17. your article is well articulated and obviously you are an individual with some level of tertiary education, while i must say it was somewhat of an interesting read, at the end of the article all i could really get was: BAD MIND.

    There is nothing boorish about one aspiring and realizing one's dream, be it a nice car, a nice home or even a nice career. If you where able to show that this gentleman as use less than acceptable means to acquire the wealth necessary to build such a abode then your article would convey a message worth the read.

    1. Bad mind? Ask yourself if the truth (as best as u can gauge it) is being reflected here. Holness' house is beside Asafa (so I was told) another who thrives on excess and doesn't have the goods to back it up. Whether or not these big homes are sustainable by who maintains them is not our business, but eyesore when all the trees in Long Mountain are removed to put up concrete structures and the place gets hotter.

    2. I fail to see where bad mind is reflected in the article. You need to look at this from a social perspective. Firstly Holness was Prime Minister and he could very well assume that post again. There is a price to pay when you put yourself up for public office. Jamaica has been in economic decline for decades and is the most indebted country in the Caribbean. The majority of Jamaicans are finding it difficult to make ends meet. For a public officer who wishes to be Prime Minister, the message he is sending with his over the top opulence while in public office is not a good example to be set. This is fairly similar to Portia lavishing her Ministers with brand new SUVs which by all accounts was not necessary. Public officers who seek to attain the highest office in the land must show leadership by exercising control, empathy, and be seen as being of the people. After he leaves office he could build himself a Taj Mahal if he so wishes but for now he should have exercised restraint and not give in to over indulgence. Such a display from a sitting public officer denotes a flaw in leadership skills.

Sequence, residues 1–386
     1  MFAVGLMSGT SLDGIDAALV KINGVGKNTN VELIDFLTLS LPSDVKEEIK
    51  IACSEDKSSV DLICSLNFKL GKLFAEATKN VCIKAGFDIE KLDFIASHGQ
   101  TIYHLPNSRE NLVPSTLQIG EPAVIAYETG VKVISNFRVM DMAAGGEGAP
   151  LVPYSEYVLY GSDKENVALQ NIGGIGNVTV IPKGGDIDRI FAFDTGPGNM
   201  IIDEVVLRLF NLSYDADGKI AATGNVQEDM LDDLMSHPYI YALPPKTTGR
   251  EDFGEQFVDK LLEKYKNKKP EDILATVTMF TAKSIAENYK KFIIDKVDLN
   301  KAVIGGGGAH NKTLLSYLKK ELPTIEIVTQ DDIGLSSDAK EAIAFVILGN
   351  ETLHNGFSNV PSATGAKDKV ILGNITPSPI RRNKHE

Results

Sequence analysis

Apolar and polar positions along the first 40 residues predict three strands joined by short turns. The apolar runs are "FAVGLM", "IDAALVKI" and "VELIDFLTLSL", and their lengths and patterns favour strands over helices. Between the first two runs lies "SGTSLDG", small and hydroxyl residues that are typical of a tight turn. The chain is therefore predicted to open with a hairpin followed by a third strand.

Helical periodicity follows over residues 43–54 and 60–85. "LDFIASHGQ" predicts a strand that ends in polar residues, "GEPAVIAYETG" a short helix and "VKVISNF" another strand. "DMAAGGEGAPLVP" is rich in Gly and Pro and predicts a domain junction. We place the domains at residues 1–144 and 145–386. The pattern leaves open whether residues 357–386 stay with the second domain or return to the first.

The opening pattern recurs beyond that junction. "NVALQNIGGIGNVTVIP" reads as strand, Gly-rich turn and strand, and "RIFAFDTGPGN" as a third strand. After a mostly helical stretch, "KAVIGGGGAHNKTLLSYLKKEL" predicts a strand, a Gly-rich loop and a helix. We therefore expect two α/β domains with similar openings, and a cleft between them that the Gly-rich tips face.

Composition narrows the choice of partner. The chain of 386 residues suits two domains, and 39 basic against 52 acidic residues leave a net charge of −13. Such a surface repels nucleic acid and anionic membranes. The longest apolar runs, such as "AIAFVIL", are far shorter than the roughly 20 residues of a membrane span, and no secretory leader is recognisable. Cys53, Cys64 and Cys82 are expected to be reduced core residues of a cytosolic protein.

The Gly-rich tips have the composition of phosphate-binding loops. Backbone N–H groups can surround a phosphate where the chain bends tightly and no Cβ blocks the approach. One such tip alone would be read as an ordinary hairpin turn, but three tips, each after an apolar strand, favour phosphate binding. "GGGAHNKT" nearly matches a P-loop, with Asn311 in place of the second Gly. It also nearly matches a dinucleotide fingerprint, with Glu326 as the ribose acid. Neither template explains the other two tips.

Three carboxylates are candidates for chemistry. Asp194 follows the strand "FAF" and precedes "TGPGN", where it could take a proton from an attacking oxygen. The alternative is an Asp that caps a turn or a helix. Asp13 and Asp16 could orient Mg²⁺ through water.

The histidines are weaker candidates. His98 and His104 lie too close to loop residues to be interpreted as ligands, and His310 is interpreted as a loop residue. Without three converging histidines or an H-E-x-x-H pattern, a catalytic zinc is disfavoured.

I guess we all would like a "big house" but what Jamaica needs NOW is leadership in the true sense of the word. Leaders like Castro, Putin, Mandela, Lee Kwan Yew, Jose Mujica.

  18. What is wrong with the house he is living in now? is it too ordinary for him now because he has arrived?

  19. Totally absurd and a perfect example of misplaced priorities. Mr. Holness could have garnered much needed credibility and admiration had he built a factory and hired his fellow Jamaicans to manufacture some useful commodity that could be exported in order to earn some much needed foreign exchange.

  20. inmyownwords:

    Are the figures quoted in Jamaican or US dollars? If in the former currency, the numbers for ministers' salaries aren't all that excessive.

  21. Mr Patterson's home is called "Uhuru" (Swahili for freedom)